Our When We All Vote Together initiative provided mini-grants to over 60 trusted local partners across our focus states to host COVID-safe voting celebrations at early voting sites. In total, 120 activations were hosted to celebrate and build momentum around early voting with state and local organizations, colleges and universities, local governments, and high schools as mini-grant recipients. Early voting events ranged from mariachi bands at voting locations to trail rides to the polls on horseback. Amid numerous safety precautions and fears of voter suppression, these early voting celebrations proved to be helpful in making the act of voting fun, safe, accessible, and community-focused.
Continuing to engage in EVERY election: The Georgia Runoff
Efforts to engage voters didn’t end on November 3rd. Georgia’s runoff election provided an opportunity for us to continue with lessons learned and engage with Georgia’s voters. The Civic Cities initiative oversaw partnerships with seven national affiliate and grassroots organizations in Georgia to host over 30 early vote and Election Day activations targeting minority voters and young and inconsistent voters.
#VoteTogether microgrants allowed partners to host multiple events during the early vote period and on Election Day in the Atlanta/Fulton County metropolitan areas, and the surrounding counties of Cobb, DeKalb, Clayton, and Gwinnett. More importantly, partners expanded their reach in rural counties throughout Georgia in targeted counties with large African American populations — Bibb, Chatham, Richmond, Muscogee, and Dougherty Counties. Partners hosted a number of creative and culturally defining celebrations, a few of which included:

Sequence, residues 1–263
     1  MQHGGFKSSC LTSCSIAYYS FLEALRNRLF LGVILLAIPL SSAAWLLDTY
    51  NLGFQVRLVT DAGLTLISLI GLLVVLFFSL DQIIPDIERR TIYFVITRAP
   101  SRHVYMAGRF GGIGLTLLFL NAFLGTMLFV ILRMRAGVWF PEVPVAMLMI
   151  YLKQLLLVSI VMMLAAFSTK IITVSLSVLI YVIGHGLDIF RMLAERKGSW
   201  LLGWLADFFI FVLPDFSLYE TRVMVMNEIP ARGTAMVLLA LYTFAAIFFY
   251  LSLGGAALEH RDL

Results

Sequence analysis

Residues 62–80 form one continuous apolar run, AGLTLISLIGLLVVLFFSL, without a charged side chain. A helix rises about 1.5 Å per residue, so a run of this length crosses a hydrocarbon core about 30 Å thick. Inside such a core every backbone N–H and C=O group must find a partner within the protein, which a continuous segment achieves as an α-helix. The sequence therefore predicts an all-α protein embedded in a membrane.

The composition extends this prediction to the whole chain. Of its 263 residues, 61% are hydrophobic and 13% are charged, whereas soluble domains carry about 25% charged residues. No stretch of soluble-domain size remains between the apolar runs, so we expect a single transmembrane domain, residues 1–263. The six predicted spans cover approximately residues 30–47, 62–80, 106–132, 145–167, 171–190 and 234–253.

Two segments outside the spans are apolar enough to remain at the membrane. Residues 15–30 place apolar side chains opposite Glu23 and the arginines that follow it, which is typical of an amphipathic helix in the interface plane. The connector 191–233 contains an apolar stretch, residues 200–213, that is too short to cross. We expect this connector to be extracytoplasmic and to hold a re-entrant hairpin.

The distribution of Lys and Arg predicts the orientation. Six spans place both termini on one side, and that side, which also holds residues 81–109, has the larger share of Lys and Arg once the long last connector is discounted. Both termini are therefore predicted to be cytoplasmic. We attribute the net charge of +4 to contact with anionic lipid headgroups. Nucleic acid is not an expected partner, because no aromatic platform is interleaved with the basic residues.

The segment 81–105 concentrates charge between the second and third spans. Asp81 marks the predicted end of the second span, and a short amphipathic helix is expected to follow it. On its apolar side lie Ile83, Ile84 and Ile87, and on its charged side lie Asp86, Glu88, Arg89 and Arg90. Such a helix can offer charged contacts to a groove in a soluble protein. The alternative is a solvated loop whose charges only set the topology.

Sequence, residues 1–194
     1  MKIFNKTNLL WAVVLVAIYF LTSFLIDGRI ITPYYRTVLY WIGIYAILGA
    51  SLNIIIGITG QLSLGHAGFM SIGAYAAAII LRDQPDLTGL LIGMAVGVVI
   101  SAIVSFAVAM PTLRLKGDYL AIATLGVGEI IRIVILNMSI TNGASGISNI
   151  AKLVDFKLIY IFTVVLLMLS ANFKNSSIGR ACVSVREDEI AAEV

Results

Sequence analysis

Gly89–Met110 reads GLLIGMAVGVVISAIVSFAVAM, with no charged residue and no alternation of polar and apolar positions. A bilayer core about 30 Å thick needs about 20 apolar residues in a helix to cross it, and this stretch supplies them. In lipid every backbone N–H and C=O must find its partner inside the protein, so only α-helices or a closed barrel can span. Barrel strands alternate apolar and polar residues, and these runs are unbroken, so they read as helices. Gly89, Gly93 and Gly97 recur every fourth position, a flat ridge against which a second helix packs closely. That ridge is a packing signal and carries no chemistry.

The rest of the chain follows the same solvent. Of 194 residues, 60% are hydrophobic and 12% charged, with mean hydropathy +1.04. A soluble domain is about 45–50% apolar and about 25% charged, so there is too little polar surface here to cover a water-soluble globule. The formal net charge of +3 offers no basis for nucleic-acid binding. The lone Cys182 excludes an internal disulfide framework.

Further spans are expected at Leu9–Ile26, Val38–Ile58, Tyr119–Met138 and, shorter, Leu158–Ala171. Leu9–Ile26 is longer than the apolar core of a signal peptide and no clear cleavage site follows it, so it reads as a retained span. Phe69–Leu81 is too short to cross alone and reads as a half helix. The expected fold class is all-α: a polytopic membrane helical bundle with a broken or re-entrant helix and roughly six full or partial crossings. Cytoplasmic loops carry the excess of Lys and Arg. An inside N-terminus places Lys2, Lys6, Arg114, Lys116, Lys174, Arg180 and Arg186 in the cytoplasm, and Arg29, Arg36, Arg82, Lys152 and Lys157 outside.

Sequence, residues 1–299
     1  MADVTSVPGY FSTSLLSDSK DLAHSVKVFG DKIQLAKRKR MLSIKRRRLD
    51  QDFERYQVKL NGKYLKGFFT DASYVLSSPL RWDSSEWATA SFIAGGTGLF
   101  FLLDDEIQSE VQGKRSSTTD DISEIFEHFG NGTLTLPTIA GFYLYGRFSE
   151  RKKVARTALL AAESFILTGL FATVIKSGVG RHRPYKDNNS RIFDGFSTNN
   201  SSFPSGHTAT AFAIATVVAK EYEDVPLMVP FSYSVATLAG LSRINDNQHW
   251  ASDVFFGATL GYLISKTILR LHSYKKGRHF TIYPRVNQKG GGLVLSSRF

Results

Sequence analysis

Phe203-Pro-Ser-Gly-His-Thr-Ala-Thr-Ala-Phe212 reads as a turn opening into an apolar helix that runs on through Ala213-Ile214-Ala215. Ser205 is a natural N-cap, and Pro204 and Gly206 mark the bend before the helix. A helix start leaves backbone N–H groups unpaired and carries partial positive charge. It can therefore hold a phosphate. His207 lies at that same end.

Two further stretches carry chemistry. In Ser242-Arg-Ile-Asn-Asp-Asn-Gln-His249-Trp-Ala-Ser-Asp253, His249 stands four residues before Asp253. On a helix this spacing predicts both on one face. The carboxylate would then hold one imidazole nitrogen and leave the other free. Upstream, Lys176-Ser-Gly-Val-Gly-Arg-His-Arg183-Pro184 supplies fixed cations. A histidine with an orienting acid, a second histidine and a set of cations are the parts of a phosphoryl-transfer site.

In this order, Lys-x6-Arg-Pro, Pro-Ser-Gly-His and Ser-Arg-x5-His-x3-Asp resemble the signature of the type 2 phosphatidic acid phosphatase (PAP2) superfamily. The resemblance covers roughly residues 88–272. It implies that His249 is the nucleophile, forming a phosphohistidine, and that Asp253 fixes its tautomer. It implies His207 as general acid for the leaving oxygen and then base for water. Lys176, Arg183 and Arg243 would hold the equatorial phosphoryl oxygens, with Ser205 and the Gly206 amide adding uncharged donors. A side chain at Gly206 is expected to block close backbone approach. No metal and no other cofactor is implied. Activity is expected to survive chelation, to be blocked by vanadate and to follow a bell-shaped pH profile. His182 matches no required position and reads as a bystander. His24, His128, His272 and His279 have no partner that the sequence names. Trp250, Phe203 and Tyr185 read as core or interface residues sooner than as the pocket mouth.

- The Transformative Justice Coalition’s “John Lewis Good Trouble Marches” — these statewide marches and motorcades were held to commemorate civil rights leader John Lewis.
- The New Georgia Project’s Party at the Polls and Holiday Relief Jam — these activations celebrated early voting and offered Georgia families a little relief during the holiday season.
- The Georgia Alliance for Progress Early Vote Tailgates — these tailgates created awareness in Columbus and Macon to kick off the early voting period with celebrity influencers; and then held similar tailgates in Savannah and Augusta, GA.
- The People’s Uprising Pull Up To The Polls and Georgia Runoff Roll Bounce GOTV Skate Party — these celebrations celebrated early voting with young voters in the Atlanta University Center.
What We Learned
Even during the most unusual of circumstances, we’ve pivoted to new ways of effectively organizing and relationship building, which has allowed us to reach voters in their communities even in the midst of a pandemic. Despite the impact of COVID-19 and continued social distancing norms, it’s clear that there’s still an appetite for in-person, community-oriented civic engagement activities (all conducted safely with COVID precautions in place). Research shows that when voters are encouraged to vote through celebrations, a downstream effect occurs and is habit-forming, and these events were most successful because they were conducted in partnership with local, trusted partners. With vaccines making their way to the public, we hope to see COVID-19 under control in the coming months. But hopefully these fun, diverse, community-serving voting celebrations are here to stay.